‘Stop Cop City’ activists infuse Jewish rituals into their protest against Atlanta’s planned police training center


(JTA) — As the sun set on Feb. 5, signaling the start of Tu Bishvat, a group of Jews carried shovels into the South River Forest southeast of downtown Atlanta.

In the day’s declining light, they planted saplings — seven paw paws, three fig and two peach — to honor the holiday, Judaism’s “new year of the trees.” They recited the Shehechiyanu prayer, and a rabbi led them in singing “Tzadik Katamar”: “The righteous shall flourish like the palm tree and grow like a cedar in Lebanon,” from Psalm 92.

The traditional holiday observance doubled as a protest against “Cop City,” the name that self-described “forest defenders” have given the city of Atlanta’s plan to build a $90 million, 85-acre police and fire training center on 300-plus acres that it owns just over the city line in DeKalb County, Georgia.

Two years into protests against the plans, a “week of action” that began over the weekend swelled the protesters’ ranks and brought an even greater police presence to the site of the planned training center. On Sunday night, a group of activists broke from a nonviolent protest, burning vehicles and, police said, throwing rocks at officers. Dozens of people were arrested.

The recent developments turn throw into question other plans for the week, which include a Purim celebration on Monday night and a Shabbat service on Friday — the latest Jewish milestones in nearly two years of controversy and confrontation.

“They’re living Jewish values more legitimately, more sincerely than some of the biggest institutions,” said Rabbi Mike Rothbaum of Atlanta’s Reconstructionist Congregation Bet Haverim, of the Jewish protesters. Rothbaum attended the Tu Bishvat event and is scheduled to lead this week’s Shabbat service; he was speaking before the weekend’s events.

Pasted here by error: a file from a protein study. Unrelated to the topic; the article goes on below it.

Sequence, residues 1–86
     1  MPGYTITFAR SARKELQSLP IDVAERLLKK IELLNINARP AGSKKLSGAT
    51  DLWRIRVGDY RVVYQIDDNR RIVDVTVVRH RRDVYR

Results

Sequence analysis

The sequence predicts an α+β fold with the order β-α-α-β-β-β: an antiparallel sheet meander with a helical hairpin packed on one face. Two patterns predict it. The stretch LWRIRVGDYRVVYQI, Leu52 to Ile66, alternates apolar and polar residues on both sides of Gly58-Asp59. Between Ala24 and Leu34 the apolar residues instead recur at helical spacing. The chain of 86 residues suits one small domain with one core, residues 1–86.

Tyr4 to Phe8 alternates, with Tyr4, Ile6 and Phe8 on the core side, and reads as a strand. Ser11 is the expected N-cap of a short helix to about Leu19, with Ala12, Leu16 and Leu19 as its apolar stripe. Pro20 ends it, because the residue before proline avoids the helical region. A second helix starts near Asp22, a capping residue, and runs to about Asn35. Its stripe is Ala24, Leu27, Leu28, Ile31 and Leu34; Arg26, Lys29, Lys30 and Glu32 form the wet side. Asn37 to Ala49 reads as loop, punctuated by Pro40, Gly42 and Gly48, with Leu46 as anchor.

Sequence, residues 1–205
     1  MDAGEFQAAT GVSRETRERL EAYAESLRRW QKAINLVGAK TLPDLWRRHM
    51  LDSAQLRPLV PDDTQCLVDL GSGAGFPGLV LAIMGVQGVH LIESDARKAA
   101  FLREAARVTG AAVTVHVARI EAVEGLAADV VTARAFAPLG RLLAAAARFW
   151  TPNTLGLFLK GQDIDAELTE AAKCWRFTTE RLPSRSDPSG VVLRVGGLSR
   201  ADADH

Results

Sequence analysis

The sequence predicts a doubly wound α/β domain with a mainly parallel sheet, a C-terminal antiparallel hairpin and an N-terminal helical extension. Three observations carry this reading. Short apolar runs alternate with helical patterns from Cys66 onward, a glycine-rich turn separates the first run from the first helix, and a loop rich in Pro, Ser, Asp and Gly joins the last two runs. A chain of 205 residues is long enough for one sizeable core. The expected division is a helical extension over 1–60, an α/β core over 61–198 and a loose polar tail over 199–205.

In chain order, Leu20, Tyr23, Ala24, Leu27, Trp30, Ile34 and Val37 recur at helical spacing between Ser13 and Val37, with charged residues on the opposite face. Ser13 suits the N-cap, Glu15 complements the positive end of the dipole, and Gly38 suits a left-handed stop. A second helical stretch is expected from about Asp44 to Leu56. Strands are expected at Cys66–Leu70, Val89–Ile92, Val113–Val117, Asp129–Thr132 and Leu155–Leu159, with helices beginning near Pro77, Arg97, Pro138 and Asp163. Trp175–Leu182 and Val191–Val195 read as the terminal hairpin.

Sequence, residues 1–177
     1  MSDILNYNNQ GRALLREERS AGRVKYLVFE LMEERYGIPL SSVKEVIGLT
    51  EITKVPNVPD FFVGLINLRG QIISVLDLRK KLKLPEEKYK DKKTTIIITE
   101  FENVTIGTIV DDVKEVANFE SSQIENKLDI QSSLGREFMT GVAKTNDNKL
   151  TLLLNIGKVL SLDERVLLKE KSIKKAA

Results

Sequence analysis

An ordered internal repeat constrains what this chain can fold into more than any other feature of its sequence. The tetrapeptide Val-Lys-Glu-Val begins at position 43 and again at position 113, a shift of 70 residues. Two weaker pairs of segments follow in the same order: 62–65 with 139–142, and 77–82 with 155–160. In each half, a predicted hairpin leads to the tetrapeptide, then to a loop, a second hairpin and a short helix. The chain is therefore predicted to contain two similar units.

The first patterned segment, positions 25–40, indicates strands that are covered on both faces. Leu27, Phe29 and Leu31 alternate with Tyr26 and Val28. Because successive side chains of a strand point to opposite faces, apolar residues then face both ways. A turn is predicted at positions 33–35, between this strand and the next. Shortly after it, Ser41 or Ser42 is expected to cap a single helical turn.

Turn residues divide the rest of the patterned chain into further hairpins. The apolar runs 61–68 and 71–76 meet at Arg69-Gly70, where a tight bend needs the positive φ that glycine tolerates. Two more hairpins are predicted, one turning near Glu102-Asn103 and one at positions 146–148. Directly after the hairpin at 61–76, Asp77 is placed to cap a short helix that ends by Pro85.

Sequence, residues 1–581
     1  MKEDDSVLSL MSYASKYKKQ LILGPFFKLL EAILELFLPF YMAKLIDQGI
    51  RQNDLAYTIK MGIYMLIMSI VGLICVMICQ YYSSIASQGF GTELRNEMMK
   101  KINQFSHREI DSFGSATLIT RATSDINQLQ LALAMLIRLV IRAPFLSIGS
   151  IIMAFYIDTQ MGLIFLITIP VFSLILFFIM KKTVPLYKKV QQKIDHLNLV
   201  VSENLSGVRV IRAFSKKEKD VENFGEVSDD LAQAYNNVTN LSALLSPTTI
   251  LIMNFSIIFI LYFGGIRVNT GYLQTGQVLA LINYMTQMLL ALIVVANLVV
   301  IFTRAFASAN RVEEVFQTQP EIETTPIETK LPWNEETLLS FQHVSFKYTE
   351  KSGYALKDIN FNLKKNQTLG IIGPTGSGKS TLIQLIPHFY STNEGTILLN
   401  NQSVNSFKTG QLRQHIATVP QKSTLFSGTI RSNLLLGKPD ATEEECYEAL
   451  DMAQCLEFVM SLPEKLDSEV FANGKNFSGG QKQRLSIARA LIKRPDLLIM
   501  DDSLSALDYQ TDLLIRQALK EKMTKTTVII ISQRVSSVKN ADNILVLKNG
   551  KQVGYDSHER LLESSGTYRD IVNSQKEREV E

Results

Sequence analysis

Comparing their worship to a mishkan, the portable sanctuary that the Israelites carried in the desert, Rothbaum said of the protesters, “They go to shul at ‘Cop City.'”

The remnants of the sukkah at the “No Cop City” protest in a forest in Atlanta, where Jewish activists are joining a fight against the construction of a police training facility. (Courtesy Fayer Atlanta)

Until about 200 years ago, South River Forest was home to the Muscogee (Creek) tribe, who called it Weelaunee — “brown water,” the name painted on protest banners strung between trees. White settlers drove out the Muscogee, and the land later became a slave plantation, a Civil War battlefield and a city prison farm. Portions have been a police firing range and used for explosives disposal, and it has also been the site of illegal dumping.

In April 2021, Atlanta announced plans to build a police training facility in the forest. Opponents immediately launched a protest. They oppose the redirection of natural resources to the police and want the forest maintained as a natural sanctuary.

After two years as a primarily local issue, national and international attention spiked on Jan. 18, when a protester camped in the woods was killed during what police called a “clearing operation.” The Georgia Bureau of Investigation said Manuel Paez Teran fired a handgun, wounding a Georgia State Police trooper, then was killed by return fire. An independent autopsy reported that the 26-year-old known as “Tortuguita” was struck by at least 13 rounds. An Atlanta police vehicle was torched in a subsequent protest downtown. Charges against more than a dozen of those arrested include violating the state’s domestic terrorism statute.

Across Intrenchment Creek from the city property is a DeKalb County park that bears the waterway’s name and is the subject of an associated protest. Much of the “Stop Cop City” activity has taken place in the 136-acre Intrenchment Creek Park. Legal challenges are pending against a land swap in which the county gave 40 acres to the now-former owner of a film studio, whose crews leveled trees and tore up a paved path until a judge issued a stop work order.